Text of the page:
deriving from that source. He there. France had obtained in this trea: fore thought himself under a necesty almost all that the aimed at; by it fity of deliring facisfaction from the the entered into the closest connec Spanish secretary of state concerna tion with Spain; this connection did ing it. not indeed seem directly, and of Upon this application there ap. necessity to include a breach with peared on a sudden such a change in England; it led to it, however, al, the countenance, language, and molt inevitably. At first the whole sentiments of that minister, as indi. transaction was kept a profound se, cated but too fully, he juftness of cret ; the inferiority of the marine the suspicions that were entertained, of Spain, and the precariousness of The Spanish flota was now safely their Supplies from America, in case arrived with a very rich cargo ; the they came to a presen: rupture with French arms had made a confiderEngland, obliged them to this tém, able progress in the king's electoral porary reserve. France took care dominions ; the success of the iinthat this treaty should not transpire perial arms was no less ftriking; until the negotiation was broken oft; the reasons for their former Thew of and Spain, whilt the was ur.der moderation no longer exilted. They these apprehenfions exhibited those therefore gave a loose to those occasional proofs of a pacific dispo- movements which they had hitherto Sition, which we have just now seen. concealed. M. Wall. evading a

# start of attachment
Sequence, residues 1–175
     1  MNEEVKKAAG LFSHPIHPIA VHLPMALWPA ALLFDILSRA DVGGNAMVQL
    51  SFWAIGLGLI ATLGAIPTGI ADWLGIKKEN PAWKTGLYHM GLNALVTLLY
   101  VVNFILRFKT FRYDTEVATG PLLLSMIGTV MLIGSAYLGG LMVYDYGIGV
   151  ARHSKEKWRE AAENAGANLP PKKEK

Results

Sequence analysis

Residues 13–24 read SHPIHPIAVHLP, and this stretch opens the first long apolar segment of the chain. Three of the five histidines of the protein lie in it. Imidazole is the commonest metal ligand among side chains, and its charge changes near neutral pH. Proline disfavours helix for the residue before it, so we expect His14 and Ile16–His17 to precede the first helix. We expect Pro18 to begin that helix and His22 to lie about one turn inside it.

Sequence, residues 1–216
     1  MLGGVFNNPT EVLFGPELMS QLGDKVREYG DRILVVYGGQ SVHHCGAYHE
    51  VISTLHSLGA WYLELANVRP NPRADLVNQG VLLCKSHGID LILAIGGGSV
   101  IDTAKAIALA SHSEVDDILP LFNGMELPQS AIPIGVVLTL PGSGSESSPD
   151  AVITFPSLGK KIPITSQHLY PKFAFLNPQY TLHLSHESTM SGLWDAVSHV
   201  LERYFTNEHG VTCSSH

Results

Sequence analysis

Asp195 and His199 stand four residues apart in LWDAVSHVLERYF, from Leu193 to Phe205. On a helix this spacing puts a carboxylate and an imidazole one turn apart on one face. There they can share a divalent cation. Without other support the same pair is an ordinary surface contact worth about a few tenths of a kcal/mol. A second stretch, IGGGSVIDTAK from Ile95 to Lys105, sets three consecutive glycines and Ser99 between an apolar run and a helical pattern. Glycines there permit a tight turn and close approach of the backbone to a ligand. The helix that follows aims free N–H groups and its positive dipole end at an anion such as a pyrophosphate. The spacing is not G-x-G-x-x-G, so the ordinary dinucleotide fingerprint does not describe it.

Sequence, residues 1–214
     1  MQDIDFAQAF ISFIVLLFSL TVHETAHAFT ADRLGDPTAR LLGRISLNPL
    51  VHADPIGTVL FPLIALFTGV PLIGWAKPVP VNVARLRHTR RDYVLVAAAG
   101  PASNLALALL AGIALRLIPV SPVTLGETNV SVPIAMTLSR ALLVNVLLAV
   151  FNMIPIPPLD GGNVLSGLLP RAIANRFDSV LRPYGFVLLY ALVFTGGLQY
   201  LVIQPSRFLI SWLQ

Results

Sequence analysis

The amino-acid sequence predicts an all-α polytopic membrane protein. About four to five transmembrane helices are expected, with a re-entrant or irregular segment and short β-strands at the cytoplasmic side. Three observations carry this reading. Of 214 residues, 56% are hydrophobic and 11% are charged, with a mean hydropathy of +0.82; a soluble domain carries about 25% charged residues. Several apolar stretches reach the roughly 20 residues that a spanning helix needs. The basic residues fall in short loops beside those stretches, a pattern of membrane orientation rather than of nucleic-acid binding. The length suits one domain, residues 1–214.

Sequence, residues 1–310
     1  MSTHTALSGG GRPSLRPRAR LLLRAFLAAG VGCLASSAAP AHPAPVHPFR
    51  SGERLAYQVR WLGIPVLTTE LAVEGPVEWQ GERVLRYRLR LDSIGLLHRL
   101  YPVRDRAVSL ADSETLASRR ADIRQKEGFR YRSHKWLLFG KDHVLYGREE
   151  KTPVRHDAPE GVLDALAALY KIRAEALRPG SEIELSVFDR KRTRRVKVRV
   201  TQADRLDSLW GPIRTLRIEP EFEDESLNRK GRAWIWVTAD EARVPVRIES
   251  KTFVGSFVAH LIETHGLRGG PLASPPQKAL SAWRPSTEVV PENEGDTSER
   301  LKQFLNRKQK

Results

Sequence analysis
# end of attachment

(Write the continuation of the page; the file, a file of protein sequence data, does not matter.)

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direct answer, entered into a long question was again put ; and at and bitter complaint, not only of length the only reply was, that the the treatment which Spain had re- king of Spain had thought proper ceived from us, but of the haughti. to renew his family compa&ts; and ness of our late proceedings with then Mr. Wall as if he had gone France; that it was time for them farther than he was authorised, sudto open their eyes, and not to suf. denly turned the discourse, and no fer a neighbour, an ally, a relati. farther satisfaction could be ob on, and a friend, any longer to run tained. the risque of receiving such rigid This revolution in the appearlaws as were prescribed by an in- ances of things in Spain, was too infulting conqueror ; that we were teresting not to be immediately comintoxicated with our successes; and municated. Our ministry saw evi. a continued series of vidories had dently, that the moderation they elated us so far, as to make us re had hitherto displayed, might be jeet the reasonable conditions offer attributed to fear, and that the laned by France. This refusal made guage of the court of Spain would it evident, that our design in ru- permit no doubt of their hoftile ining the French power, was the intentions. Orders were therefore more easily to crush Spain ; that given to the earl of Bristol, conwe propofed entirely to chase the formable to the dignity of the naFrench from all their colonies in tion, and the justice of our claim. America, to have the easier task in He was ordered to renew his infeizing on the Spanish dominions in tances concerning the treaty; to those parts, thereby to fatisfy to the demand an explanation with a utmost our ambition, and to gratify proper firmness, but without the our boundless thirst of conqueft; mixture of any thing which might therefore he would himself be the irritate ; and to fignify, that a pre man to advise the king of Spain, remptory refusal to communicate that since his dominions were to be the treaty, or to disavow an intenoverwhelmed, at least that they tion to take part with our enemies should be seized with arms in his would be considered as an aggressubjects hands, and not to continue fion on the part of Spain, and an the passive victim he had hitherto absolute declaration of war. appeared in the eyes of the world. Things were now brought to